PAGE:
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Arkansas Is Open for Business, But Are We Ready?

Fifty years ago, Winthrop Rockefeller found himself behind a new desk with new responsibilities as governor of Arkansas. He was full of hope, optimism and passion. In office, he met hundreds of Arkansans who expected more from their state’s future. To make this vision of prosperity a reality, he pushed for numerous economic and education reforms, and he sent a clear message to his constituents and the nation that Arkansas was ready for an “Era of Excellence.”

Ten years ago, I also found myself behind a new desk with new responsibilities when I became the president and CEO of the Winthrop Rockefeller Foundation (WRF). Like the Governor, I saw how much Arkansas had going for it. I shared my new home with one of the largest commercial success stories in the world, Walmart. Arkansans produced more chicken, rice and tilapia than almost anywhere, and the state was abundant with resources, entrepreneurship and ingenuity. I saw that Arkansas was open for business, but I wondered if it was ready for excellence.

When I first read WRF’s report Expect More Arkansas: Our Jobs, Our Future, I saw a state poised to gain nearly 150,000 jobs in a decade. I also saw that what was true a decade ago holds true today and will continue to be true unless businesses take action now: employers struggle to find high-skilled workers. Reviewing the data, I thought back to Gov. Rockefeller’s inauguration speech, in which he said, “We shall no longer be content merely to exalt in our potential or measure our progress in comparison with our past.”

It’s time for Arkansas to stop looking in the rearview mirror and take hold of the opportunity presented to it. It’s time for employers to support students in choosing the right education, help educators prepare future workers and entrepreneurs and create new ways of building a more qualified workforce. Fortunately Arkansas has several "Expect More Bright Spots" to show the state what it can do. 

We need more individuals with two-year degrees and technical certificates, but many students don’t know what they can accomplish with these credentials. That is why the Arkansas State Chamber of Commerce has started Be Pro, Be Proud to show students what career options and income opportunities are available after becoming certified welders, electricians and other technical professionals. Employers can reach out to students and their parents to let them know what they can do to qualify for positions that have gone unfilled for years.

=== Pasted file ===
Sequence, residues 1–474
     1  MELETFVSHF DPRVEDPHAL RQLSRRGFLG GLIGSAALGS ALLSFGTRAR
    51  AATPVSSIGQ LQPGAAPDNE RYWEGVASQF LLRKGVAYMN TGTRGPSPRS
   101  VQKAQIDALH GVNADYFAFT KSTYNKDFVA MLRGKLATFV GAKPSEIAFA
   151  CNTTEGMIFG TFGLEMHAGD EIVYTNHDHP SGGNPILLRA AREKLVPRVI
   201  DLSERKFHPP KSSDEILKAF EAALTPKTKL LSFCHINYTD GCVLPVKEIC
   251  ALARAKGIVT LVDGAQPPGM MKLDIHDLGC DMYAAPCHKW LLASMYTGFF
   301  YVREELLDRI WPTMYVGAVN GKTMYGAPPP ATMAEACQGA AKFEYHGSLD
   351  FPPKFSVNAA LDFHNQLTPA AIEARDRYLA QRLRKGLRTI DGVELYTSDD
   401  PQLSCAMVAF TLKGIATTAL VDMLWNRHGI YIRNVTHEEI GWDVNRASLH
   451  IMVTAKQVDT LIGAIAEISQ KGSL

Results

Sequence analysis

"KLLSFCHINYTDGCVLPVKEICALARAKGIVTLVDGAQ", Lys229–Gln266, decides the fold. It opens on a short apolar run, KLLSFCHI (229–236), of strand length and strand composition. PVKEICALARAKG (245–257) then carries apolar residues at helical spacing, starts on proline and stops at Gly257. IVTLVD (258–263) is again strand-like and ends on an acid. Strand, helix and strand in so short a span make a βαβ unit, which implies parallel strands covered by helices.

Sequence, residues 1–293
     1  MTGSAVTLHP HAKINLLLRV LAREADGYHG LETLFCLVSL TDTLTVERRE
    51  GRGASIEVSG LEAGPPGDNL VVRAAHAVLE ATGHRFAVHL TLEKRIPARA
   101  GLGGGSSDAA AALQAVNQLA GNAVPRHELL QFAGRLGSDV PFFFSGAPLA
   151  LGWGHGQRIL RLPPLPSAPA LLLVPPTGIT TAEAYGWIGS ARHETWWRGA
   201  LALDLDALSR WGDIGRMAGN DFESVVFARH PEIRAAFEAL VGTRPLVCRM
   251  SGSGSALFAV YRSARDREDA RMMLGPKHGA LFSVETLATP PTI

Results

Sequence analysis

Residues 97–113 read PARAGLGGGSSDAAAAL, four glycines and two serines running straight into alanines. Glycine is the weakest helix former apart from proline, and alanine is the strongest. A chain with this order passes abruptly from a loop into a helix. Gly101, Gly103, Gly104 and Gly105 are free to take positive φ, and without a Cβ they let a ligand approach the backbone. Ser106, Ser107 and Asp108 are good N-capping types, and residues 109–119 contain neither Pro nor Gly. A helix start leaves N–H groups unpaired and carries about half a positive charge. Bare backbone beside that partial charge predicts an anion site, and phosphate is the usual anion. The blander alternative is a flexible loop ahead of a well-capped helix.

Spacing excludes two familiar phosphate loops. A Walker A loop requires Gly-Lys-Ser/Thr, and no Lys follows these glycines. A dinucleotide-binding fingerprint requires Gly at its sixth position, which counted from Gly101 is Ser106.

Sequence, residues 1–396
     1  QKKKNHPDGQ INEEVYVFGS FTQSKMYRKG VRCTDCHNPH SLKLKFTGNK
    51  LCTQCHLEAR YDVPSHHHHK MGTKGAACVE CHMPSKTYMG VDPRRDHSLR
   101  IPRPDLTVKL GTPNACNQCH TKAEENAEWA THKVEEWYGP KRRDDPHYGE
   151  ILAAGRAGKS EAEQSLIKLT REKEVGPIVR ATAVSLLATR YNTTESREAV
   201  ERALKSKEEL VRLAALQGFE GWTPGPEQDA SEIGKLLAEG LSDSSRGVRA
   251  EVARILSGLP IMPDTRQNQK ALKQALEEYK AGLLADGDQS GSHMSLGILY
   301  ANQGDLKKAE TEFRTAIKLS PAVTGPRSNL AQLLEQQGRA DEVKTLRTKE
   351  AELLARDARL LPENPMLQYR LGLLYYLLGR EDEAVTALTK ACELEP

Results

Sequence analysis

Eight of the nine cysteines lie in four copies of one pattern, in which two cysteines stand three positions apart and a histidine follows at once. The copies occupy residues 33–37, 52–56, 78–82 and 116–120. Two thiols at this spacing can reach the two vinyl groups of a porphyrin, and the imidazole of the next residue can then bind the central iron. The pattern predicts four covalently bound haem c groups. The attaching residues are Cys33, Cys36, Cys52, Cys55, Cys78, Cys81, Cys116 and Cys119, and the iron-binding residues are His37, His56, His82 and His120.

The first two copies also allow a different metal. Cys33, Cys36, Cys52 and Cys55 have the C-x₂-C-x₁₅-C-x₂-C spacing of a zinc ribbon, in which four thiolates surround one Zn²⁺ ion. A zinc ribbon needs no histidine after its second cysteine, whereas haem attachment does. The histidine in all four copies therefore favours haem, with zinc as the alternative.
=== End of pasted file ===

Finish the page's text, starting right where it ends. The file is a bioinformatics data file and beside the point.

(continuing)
High school and post secondary educators need to know how they can better prepare our state’s future workforce. To help Independence County thrive, businesses have partnered with the Southside School District, the University of Arkansas Community College in Batesville and Lyon College to start Project Future Story. Now, Southside High School students are graduating and starting high-potential careers in their community. Business owners can form partnerships with local education institutions to make sure students enter the workforce equipped with the skills employers need them to have.

There’s no lack of creativity and ingenuity in our state’s business community, which means there’s nothing to stop us from coming up with bold new strategies to fill vacant positions. In Little Rock, Dassault Falcon Jet started Almost Qualified in partnership with University of Arkansas-Pulaski Technical College and Goodwill Industries of Arkansas to train Pulaski Tech students to start jobs at Dassault or find opportunities elsewhere. Employers can create apprenticeship programs and form new training partnerships to help them get the talent they need.

WRF has built on Gov. Rockefeller’s legacy during my 10 years here. Through initiatives like the Arkansas Campaign for Grade-Level Reading and ForwARd Arkansas, we’re improving outcomes for our students and future workforce. But I’m not happy with just being in a better place than where we were. We are ready for another “Era of Excellence.” Getting there will take businesses that invest in current and future employees, a quality education system that prepares students for careers, communities that set higher expectations and leaders that are no longer content with Arkansas’s low-skill, low-wage economy.

If we invest together in helping our students and workforce gain the skills employers need, our state will have no trouble training, attracting and retaining high-skilled talent. Arkansas families will earn more, buy more from local businesses, own more homes and rely less on social services like Medicaid and other government assistance. When businesses, communities, governments, schools and parents co-invest in the right education and training, we will prepare our state for a new “Era of Excellence.”

To learn more, visit expectmorenow.org

Sherece Y. West-Scantlebury is president and CEO of the Winthrop Rockefeller Foundation.